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County Supervisors Approve Plan To Spend $650 Million In Federal COVID Relief Money

A worker making pasta at Cesarina in Point Loma with a sign requiring face co...

Photo by Roland Lizarondo

Above: A worker making pasta at Cesarina in Point Loma with a sign requiring face covering on the premises, July 21, 2020.

It would be easy and understandable to think that we’re basically done with COVID-19 next Wednesday when the state’s tier system of health restrictions expires. But the damage done to lives, to livelihoods will linger.

On Tuesday, the San Diego County Board of Supervisors has approved a draft plan for spending nearly $650 million in American Rescue Act Plan funding, with an emphasis on helping those residents affected by the COVID-19 pandemic.

Listen to this story by John Carroll.

“No one deserves to be homeless, no one deserves to be struggling, no one," said Mia Roseberry, who co-founded and runs Wounded Warrior Homes, based in San Marcos.
“We provide transitional housing and reintegrative support services for post 9/11 veterans with traumatic brain injury and post traumatic stress."

As with so many nonprofits, Roseberry said she could use more financial help, especially when it comes to helping veterans experiencing homelessness.

"Somewhere between 20 and 25% of the homeless are veterans in San Diego," she said. "So, a significant funding from the County with regard to housing would always be very helpful to, like I said, for helping us to plan for long-range funding."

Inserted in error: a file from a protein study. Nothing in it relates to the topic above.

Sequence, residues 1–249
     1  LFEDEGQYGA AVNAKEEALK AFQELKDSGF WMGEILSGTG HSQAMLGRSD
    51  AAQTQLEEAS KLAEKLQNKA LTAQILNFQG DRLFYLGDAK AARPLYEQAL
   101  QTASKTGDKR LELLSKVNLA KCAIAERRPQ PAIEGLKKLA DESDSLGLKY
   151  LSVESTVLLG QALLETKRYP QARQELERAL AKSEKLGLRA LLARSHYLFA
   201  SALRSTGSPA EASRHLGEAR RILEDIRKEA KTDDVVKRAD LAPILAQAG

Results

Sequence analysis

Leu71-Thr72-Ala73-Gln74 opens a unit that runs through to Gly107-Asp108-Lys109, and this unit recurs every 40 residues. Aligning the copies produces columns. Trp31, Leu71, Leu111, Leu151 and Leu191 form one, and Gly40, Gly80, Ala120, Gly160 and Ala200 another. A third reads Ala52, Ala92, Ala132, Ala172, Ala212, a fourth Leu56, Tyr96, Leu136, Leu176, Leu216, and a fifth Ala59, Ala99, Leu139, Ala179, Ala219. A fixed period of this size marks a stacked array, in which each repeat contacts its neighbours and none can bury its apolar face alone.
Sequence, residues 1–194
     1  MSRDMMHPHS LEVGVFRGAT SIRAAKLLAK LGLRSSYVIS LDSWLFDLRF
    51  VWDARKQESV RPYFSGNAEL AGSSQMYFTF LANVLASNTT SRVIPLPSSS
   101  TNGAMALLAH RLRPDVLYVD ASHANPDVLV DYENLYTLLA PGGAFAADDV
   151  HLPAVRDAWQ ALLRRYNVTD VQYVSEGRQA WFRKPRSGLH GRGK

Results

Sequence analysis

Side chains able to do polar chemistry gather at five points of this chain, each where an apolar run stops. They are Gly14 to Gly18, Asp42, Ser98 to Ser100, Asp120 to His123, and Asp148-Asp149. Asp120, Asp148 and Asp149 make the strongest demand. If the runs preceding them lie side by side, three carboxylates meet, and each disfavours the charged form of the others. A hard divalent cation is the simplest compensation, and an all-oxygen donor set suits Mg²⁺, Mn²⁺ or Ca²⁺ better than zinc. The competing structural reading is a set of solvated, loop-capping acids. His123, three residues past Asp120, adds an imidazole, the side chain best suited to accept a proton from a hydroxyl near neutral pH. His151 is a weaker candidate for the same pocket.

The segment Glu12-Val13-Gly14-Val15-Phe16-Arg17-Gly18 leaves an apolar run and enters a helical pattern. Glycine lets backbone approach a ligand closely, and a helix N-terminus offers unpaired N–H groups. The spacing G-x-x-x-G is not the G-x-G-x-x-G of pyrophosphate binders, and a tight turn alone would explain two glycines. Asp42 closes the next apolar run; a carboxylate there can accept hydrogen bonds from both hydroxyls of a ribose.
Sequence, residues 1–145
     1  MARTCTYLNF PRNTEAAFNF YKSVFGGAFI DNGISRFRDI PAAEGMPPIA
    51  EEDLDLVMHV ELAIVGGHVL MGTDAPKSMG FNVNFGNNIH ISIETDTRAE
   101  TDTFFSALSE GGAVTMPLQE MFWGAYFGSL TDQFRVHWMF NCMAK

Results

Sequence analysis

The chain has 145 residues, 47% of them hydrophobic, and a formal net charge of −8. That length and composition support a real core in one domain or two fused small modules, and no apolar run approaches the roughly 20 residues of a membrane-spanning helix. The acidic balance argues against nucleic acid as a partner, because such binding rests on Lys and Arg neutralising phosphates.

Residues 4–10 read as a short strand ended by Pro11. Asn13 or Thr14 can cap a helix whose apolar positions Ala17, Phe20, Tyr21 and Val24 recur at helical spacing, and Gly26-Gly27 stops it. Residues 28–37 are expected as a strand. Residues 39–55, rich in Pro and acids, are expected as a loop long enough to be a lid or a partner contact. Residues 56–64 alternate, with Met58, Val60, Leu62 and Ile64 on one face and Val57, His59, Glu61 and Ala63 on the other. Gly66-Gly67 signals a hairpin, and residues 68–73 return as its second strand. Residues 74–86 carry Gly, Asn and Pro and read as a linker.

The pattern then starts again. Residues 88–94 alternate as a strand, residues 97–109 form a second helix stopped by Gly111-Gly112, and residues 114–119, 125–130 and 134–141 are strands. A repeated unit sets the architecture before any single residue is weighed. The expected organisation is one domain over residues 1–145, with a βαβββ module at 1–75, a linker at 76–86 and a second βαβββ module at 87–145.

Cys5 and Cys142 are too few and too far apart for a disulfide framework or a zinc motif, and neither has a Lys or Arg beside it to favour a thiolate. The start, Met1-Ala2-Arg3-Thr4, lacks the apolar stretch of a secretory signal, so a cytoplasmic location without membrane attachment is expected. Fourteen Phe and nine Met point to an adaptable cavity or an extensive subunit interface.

Reported by John Carroll

The lion’s share of the money, $307.5 million, would go to costs already incurred from the pandemic and money to deal with it into the future.

Homeless services, small business, infrastructure, mental health and “premium pay” for county workers who stayed on the job during the crisis would all get assistance.

“A lot of small businesses still need cash support so that they can pay their employees, pay their rent," said San Diego Regional Chamber of Commerce president & CEO Jerry Sanders.

Though the Chamber of Commerce represents many types of businesses, Sanders said restaurants are among the hardest hit. Many shelled out thousands to build outdoor dining spaces, and with the on again, off again closures, purchasing food was a vexing proposition.

“They wouldn’t know whether to buy it or not and they’d have to just take a chance and buy it and sometimes they would end up just throwing it away," Sanders said.

Supervisor Joel Anderson opposed the premium pay portion of the money for essential county employees. Overall, Chairman Nathan Fletcher said the help should be coming soon.

“Our hope is by summer folks will be able to benefit from those programs," he said.

Programs that represent a big forward step in helping the people of this county recover from the COVID-19 pandemic.

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John Carroll
General Assignment Reporter & Anchor

opening quote marksclosing quote marksI'm a general assignment reporter and Saturday morning radio anchor for KPBS. I love coming up with story ideas that aren't being covered elsewhere, but I'm also ready to cover the breaking news of the day. In addition, I bring you the local news headlines on Saturday mornings during NPR's Weekend Edition.

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